Jared Diamond is Professor of Physiology at the University of California, Los Angeles. Trained in physiology, he later took up the study of ecology and has made fundamental contributions to both disciplines. He is among the worlds leading zoologists and experts on birds. He has made many trips to the mountains of New Guinea to study their unique birds, rediscovered their long-lost bowerbird, and advises New Guinea governments on conservation. As well as writing technical articles in his many fields of interest, Jared Diamond writes regularly for popular science journals. He is married, and has twin sons.
This book answers the most obvious, the most important, yet the most difficult question about human history: why history unfolded so differently on different continents. Geography and biogeography, not race, moulded the contrasting fates of Europeans, Asians, Native Americans, sub-Saharan Africans, and aboriginal Australians.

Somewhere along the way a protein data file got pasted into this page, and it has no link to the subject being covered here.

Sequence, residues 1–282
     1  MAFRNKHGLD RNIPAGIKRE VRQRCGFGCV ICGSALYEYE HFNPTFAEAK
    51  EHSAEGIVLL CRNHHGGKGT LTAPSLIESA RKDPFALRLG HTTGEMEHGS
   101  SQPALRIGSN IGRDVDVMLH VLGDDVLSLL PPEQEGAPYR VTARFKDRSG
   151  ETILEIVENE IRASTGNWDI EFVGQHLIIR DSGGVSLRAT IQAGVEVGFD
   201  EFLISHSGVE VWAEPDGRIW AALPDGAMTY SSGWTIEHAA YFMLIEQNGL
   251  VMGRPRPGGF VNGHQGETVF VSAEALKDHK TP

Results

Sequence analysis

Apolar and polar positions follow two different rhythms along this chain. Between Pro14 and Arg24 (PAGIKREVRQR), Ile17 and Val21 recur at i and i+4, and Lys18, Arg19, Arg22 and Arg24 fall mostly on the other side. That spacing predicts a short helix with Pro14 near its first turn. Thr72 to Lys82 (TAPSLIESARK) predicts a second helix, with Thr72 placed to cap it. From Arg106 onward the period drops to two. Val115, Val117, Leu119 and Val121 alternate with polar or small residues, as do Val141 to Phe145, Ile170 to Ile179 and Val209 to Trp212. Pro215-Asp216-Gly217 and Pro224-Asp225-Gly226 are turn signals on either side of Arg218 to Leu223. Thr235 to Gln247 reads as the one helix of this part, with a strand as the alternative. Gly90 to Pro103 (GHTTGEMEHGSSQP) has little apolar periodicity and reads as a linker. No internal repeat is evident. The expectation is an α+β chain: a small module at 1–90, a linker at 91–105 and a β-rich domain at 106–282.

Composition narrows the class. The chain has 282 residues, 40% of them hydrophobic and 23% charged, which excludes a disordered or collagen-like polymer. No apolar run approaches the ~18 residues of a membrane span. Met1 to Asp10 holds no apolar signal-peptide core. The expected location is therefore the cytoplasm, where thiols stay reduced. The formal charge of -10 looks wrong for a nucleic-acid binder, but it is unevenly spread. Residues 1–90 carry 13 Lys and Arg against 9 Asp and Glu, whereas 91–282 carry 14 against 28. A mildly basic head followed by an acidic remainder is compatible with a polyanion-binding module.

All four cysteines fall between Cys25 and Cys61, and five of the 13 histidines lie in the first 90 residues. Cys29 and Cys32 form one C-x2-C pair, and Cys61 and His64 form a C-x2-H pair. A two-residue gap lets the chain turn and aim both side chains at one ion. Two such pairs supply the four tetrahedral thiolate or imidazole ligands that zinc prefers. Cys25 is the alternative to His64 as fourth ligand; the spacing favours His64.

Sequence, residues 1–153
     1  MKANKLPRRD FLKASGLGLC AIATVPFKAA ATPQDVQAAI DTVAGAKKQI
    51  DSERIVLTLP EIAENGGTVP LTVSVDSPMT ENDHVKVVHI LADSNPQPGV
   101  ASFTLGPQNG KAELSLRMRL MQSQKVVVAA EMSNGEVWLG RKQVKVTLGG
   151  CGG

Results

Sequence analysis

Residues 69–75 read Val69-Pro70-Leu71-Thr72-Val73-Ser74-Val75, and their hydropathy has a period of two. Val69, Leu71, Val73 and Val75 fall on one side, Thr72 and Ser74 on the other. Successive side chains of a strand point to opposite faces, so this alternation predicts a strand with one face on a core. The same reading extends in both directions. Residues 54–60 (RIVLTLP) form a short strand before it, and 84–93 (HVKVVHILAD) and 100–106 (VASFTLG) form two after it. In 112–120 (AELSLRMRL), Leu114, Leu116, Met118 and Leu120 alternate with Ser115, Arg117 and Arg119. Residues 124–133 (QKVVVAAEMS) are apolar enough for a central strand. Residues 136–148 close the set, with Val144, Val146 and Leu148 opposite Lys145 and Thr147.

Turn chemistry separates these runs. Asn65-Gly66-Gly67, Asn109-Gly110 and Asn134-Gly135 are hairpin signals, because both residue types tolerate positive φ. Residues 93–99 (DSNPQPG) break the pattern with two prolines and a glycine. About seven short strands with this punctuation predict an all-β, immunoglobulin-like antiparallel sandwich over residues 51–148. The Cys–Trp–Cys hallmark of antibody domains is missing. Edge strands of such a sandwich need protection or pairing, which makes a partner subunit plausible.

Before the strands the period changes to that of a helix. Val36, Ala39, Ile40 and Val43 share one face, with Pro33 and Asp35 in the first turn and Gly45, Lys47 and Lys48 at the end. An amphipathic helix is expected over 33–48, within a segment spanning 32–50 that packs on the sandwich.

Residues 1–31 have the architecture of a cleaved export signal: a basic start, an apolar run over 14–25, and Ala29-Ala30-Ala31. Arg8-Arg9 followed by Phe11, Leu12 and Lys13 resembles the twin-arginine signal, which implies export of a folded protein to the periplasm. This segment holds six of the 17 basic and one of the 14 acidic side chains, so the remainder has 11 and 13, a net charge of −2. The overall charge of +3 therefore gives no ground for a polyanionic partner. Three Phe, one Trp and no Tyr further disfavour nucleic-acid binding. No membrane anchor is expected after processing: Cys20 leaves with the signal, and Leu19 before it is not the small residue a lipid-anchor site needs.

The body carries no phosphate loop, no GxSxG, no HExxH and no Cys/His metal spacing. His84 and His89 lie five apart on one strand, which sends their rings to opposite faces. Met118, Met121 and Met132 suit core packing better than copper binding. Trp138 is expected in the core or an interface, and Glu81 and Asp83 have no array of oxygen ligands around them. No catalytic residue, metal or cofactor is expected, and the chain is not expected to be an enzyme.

An ambitious synthesis of history, biology, ecology and linguistics, Guns, Germs and Steel is one of the most important and humane works of popular science.
A short history of everybody for the last 13,000 years.
Winner of the Rhone-Poulenc Science Book Prize.
A prodigious, convincing work, conceived on a grand scale The most absorbing account on offer of the emergence of a world divided between have and have-nots… Never before put together so coherently, with such a combination of expertise, charm and compassion A book of remarkable scope… One of the most important and readable works on the human past Diamond’s sideways-on view of human development may well establish its author as one of the very few scientists to have changed the way we think about history Fascinating, coherent, compassionate and completely accessible